As various U.S. media and technical organizations gradually reached agreement on standards for digital television in the late Nineties (the Americans lagged behind Europe and, especially, Japan in this regard), it became apparent that the multiplication of channels could usher in a brand new day for ethnic (and political) minorities in television. Corporate television had always defended the "general market" - a euphemism for "white" - character of its programming, including its news orientation, as necessitated by the limited number of television frequencies. Minority-oriented programming was better suited for radio, we were told, where there were plenty of places on the dial.
Suddenly, with digital transmission, the television spectrum promised to become as accommodating to minorities as the radio spectrum. Cities with six or seven full-power stations would be transformed into 24- or 28-channel markets. Surely, at least a few of these new channels in scores of markets would, based on local market forces, cater to Blacks! It seemed that the digital television business model could one day soon resemble the radio model, with multiple Black-oriented stations in markets with significant African American populations. The demand for informational and cultural content for these outlets could fuel a renaissance in Black creative and political expression.
For once, the "free market" might work in African Americans' favor, since the same logic that led to ethnic segmenting of radio markets should also apply to an expanded television channel universe - especially with the rapid fall in equipment costs. One could easily envision at least a hundred Black-oriented TV channels throughout the nation.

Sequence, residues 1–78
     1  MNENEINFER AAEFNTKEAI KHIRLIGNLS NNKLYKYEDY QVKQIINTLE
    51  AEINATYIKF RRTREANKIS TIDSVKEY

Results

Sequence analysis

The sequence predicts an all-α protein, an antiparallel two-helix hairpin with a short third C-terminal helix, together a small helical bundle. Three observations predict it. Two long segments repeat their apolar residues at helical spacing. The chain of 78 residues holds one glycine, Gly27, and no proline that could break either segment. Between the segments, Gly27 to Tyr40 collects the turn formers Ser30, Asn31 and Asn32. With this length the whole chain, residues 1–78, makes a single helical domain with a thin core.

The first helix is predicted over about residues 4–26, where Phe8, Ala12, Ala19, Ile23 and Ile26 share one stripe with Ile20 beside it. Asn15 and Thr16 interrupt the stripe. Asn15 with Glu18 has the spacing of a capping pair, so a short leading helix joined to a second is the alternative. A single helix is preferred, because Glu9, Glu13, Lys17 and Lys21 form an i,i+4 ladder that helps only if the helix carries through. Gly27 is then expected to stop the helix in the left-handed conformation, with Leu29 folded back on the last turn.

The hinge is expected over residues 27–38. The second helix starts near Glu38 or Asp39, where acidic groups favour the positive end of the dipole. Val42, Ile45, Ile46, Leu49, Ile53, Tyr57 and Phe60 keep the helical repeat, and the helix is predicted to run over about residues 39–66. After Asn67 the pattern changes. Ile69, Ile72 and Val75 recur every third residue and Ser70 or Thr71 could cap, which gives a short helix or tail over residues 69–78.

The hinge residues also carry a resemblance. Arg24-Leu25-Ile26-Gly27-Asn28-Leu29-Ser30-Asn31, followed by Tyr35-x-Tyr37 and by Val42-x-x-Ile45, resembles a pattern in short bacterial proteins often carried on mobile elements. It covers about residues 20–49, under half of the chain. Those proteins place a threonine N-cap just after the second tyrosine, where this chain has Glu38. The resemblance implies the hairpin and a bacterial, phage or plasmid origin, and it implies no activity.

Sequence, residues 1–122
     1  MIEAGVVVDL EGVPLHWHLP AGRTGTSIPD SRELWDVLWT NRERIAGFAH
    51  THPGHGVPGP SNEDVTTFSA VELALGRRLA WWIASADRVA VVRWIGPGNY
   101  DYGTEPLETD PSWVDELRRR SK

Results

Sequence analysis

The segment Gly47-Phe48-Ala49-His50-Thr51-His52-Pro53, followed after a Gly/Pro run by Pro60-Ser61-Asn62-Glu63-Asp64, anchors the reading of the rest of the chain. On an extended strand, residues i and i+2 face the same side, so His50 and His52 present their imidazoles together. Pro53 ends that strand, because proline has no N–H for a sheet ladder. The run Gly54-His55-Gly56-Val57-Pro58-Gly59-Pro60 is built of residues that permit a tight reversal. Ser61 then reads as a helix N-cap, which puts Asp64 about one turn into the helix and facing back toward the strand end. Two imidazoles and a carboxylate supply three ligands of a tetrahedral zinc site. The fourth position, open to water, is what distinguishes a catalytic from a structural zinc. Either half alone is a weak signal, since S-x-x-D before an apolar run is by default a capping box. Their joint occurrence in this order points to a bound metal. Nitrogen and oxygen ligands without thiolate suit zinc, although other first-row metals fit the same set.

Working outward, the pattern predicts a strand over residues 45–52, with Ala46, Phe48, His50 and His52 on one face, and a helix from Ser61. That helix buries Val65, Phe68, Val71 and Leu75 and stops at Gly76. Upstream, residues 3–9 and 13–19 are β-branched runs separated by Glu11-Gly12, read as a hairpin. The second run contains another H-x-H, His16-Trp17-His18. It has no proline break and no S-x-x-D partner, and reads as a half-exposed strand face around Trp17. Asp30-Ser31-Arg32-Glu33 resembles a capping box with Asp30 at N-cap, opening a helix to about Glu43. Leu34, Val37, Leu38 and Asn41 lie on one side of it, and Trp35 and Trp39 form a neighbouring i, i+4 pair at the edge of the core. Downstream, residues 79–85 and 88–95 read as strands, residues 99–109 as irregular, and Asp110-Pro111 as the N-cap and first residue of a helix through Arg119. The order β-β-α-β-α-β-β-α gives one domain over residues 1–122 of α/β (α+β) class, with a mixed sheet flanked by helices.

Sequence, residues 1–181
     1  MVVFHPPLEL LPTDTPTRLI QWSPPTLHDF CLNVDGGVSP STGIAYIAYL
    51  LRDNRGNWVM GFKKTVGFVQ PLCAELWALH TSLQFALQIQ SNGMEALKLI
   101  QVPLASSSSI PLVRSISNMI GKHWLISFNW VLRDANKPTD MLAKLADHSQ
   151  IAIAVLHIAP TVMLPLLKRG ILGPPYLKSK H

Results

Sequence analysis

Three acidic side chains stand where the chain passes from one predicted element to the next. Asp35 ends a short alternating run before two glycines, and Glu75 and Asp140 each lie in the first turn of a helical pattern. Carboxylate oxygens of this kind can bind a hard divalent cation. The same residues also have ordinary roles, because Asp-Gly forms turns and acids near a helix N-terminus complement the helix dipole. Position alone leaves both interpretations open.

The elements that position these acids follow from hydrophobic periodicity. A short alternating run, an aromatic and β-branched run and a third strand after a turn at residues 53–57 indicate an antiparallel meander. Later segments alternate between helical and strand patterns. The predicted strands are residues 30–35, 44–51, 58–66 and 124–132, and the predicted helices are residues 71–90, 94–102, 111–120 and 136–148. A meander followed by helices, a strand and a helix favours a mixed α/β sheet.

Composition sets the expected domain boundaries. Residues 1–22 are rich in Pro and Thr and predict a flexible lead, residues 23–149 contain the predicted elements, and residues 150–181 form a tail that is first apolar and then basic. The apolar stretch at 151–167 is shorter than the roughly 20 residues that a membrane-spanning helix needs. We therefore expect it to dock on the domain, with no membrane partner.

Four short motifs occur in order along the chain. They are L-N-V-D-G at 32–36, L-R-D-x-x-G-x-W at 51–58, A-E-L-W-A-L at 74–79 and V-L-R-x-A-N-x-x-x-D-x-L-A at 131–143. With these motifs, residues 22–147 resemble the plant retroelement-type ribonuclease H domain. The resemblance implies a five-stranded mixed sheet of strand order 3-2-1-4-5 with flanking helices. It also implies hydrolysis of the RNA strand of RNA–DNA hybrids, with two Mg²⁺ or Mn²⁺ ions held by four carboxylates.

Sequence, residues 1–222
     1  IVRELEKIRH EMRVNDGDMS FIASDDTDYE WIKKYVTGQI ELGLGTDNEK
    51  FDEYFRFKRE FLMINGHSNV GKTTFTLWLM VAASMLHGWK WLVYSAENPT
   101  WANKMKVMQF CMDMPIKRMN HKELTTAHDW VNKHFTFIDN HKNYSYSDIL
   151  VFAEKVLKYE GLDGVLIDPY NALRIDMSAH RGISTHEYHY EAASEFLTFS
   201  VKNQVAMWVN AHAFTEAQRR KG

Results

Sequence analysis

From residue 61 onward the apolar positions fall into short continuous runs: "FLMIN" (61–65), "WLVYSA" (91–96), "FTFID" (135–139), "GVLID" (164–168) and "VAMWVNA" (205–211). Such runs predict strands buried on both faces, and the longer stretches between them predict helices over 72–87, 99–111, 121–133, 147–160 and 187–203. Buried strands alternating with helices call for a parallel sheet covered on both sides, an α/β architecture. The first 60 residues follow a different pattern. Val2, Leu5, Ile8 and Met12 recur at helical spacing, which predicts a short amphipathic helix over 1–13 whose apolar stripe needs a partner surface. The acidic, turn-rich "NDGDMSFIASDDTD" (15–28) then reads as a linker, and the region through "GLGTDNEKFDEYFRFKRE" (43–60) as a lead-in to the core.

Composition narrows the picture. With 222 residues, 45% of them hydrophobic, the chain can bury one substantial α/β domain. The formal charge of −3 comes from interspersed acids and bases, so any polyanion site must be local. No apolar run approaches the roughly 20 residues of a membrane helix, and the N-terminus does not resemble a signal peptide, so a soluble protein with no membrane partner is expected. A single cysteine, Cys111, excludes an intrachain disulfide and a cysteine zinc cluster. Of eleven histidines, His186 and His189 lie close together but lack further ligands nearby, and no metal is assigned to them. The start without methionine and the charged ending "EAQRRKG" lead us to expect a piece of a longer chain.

But of course, monopolies abhor "free" markets; their entire purpose is to cage and destroy them. The FCC is a captive of broadcasting monopolists, who instructed their federal minions to deliver the new channels to the old masters - as if all products of science and technology belong to them, as a right.
By 1999, a coalition of civil rights and public interest groups were demanding hearings to establish a "digital public interest standard" to govern the new channels. These groups included People for Better TV, Consumer Federation of America, American Academy of Pediatrics, U.S. Catholic Conference, NAACP, Civil Rights Forum on Communications Policy, National Organization for Women, National Association of the Deaf, Project on Media Ownership, and League of United Latin American Citizens. However, nothing resembling full hearings on the obligations to the public of digital channel license holders ever occurred - much less a national conversation on who should receive those licenses.
The corporate media were too powerful, the FCC too devious, and civil rights groups too weak and beholden to corporations. Only supporters of children's programming succeeded in winning concessions on advertising and a requirement of three hours per week of children's shows on each of the new channels. Blacks and other minorities got nothing.